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Three Millennia of Greek Literature
Physis : World Creation  

Plato's TIMAEUS : Diseases of the body

Timaeus 81e - 86a  * Greek Fonts


OW every one can see whence diseases arise. There are four natures out of which the body is compacted, earth and fire and water and air, and the unnatural excess or defect of these, or the change of any of them from its own natural place into another, or-since there are more kinds than one of fire and of the other elements-the assumption by any of these of a wrong kind, or any similar irregularity, produces disorders and diseases; for when any of them is produced or changed in a manner contrary to nature, the parts which were previously cool grow warm, and those which were dry become moist, and the light become heavy, and the heavy light; all sorts of changes occur. For, as we affirm, a thing can only remain the same with itself, whole and sound, when the same is added to it, or subtracted from it, in the same respect and in the same manner and in due proportion; and whatever comes or goes away in violation of these laws causes all manner of changes and infinite diseases and corruptions. Now there is a second class of structures which are also natural, and this affords a second opportunity of observing diseases to him who would understand them. For whereas marrow and bone and flesh and sinews are composed of the four elements, and the blood, though after another manner, is likewise formed out of them, most diseases originate in the way which I have described; but the worst of all owe their severity to the fact that the generation of these substances stances in a wrong order; they are then destroyed. For the natural order is that the flesh and sinews should be made of blood, the sinews out of the fibres to which they are akin, and the flesh out of the dots which are formed when the fibres are separated. And the glutinous and rich matter which comes away from the sinews and the flesh, not only glues the flesh to the bones, but nourishes and imparts growth to the bone which surrounds the marrow; and by reason of the solidity of the bones, that which filters through consists of the purest and smoothest and oiliest sort of triangles, dropping like dew from the bones and watering the marrow.

νόσοι τοῦ σώματος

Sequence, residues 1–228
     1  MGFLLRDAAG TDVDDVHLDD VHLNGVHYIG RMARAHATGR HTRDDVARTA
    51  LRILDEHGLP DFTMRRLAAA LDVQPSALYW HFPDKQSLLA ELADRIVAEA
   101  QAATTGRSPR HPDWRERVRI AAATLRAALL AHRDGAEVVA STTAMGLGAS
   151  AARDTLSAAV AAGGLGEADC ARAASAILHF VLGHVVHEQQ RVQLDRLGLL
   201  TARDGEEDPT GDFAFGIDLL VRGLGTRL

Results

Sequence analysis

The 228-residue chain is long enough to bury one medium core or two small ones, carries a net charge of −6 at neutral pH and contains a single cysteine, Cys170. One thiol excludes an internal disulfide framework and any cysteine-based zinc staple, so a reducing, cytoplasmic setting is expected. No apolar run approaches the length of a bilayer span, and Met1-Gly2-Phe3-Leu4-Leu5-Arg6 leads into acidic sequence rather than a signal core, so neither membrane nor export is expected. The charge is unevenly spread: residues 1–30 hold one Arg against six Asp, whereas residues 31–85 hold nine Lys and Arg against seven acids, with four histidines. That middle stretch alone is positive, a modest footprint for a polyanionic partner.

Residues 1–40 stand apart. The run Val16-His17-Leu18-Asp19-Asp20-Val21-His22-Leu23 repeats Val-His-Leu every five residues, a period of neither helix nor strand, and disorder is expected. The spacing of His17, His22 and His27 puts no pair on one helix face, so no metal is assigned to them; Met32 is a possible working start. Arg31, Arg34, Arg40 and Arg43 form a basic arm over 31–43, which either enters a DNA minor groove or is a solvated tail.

Τὸ δὲ τῶν νόσων ὅθεν συνίσταται͵ δῆλόν που καὶ παντί. [82a] τεττάρων γὰρ ὄντων γενῶν ἐξ ὧν συμπέπηγεν τὸ σῶμα͵ γῆς πυρὸς ὕδατός τε καὶ ἀέρος͵ τούτων ἡ παρὰ φύσιν πλεονεξία καὶ ἔνδεια καὶ τῆς χώρας μετάστασις ἐξ οἰκείας ἐπ΄ ἀλλοτρίαν γιγνομένη͵ πυρός τε αὖ καὶ τῶν ἑτέρων ἐπειδὴ γένη πλείονα ἑνὸς ὄντα τυγχάνει͵ τὸ μὴ προσῆκον ἕκαστον ἑαυτῷ προσλαμβάνειν͵ καὶ πάνθ΄ ὅσα τοιαῦτα͵ στάσεις καὶ νόσους παρέχει· παρὰ φύσιν γὰρ ἑκάστου γιγνομένου καὶ μεθισταμένου θερμαίνεται μὲν ὅσα ἂν πρότερον ψύχηται͵ [82b] ξηρὰ δὲ ὄντα εἰς ὕστερον γίγνεται νοτερά͵ καὶ κοῦφα δὴ καὶ βαρέα͵ καὶ πάσας πάντῃ μεταβολὰς δέχεται. μόνως γὰρ δή͵ φαμέν͵ ταὐτὸν ταὐτῷ κατὰ ταὐτὸν καὶ ὡσαύτως καὶ ἀνὰ λόγον προσγιγνόμενον καὶ ἀπογιγνόμενον ἐάσει ταὐτὸν ὂν αὑτῷ σῶν καὶ ὑγιὲς μένειν· ὃ δ΄ ἂν πλημμελήσῃ τι τούτων ἐκτὸς ἀπιὸν ἢ προσιόν͵ ἀλλοιότητας παμποικίλας καὶ νόσους φθοράς τε ἀπείρους παρέξεται. Δευτέρων δὴ συστάσεων αὖ κατὰ φύσιν συνεστηκυιῶν͵ [82c] δευτέρα κατανόησις νοσημάτων τῷ βουλομένῳ γίγνεται συννοῆσαι. μυελοῦ γὰρ ἐξ ἐκείνων ὀστοῦ τε καὶ σαρκὸς καὶ νεύρου συμπαγέντος͵ ἔτι τε αἵματος ἄλλον μὲν τρόπον͵ ἐκ δὲ τῶν αὐτῶν γεγονότος͵ τῶν μὲν ἄλλων τὰ πλεῖστα ᾗπερ τὰ πρόσθεν͵ τὰ δὲ μέγιστα τῶν νοσημάτων τῇδε χαλεπὰ συμπέπτωκεν· ὅταν ἀνάπαλιν ἡ γένεσις τούτων πορεύηται͵ τότε ταῦτα διαφθείρεται. κατὰ φύσιν γὰρ σάρκες μὲν καὶ νεῦρα ἐξ αἵματος γίγνεται͵ νεῦρον μὲν ἐξ ἰνῶν διὰ τὴν συγγένειαν͵ [82d] σάρκες δὲ ἀπὸ τοῦ παγέντος ὃ πήγνυται χωριζόμενον ἰνῶν· τὸ δὲ ἀπὸ τῶν νεύρων καὶ σαρκῶν ἀπιὸν αὖ γλίσχρον καὶ λιπαρὸν ἅμα μὲν τὴν σάρκα κολλᾷ πρὸς τὴν τῶν ὀστῶν φύσιν αὐτό τε τὸ περὶ τὸν μυελὸν ὀστοῦν τρέφον αὔξει͵ τὸ δ΄ αὖ διὰ τὴν πυκνότητα τῶν ὀστῶν διηθούμενον καθαρώτατον γένος τῶν τριγώνων λειότατόν τε καὶ λιπαρώτατον͵ λειβόμενον ἀπὸ τῶν ὀστῶν καὶ στάζον͵ ἄρδει τὸν μυελόν.

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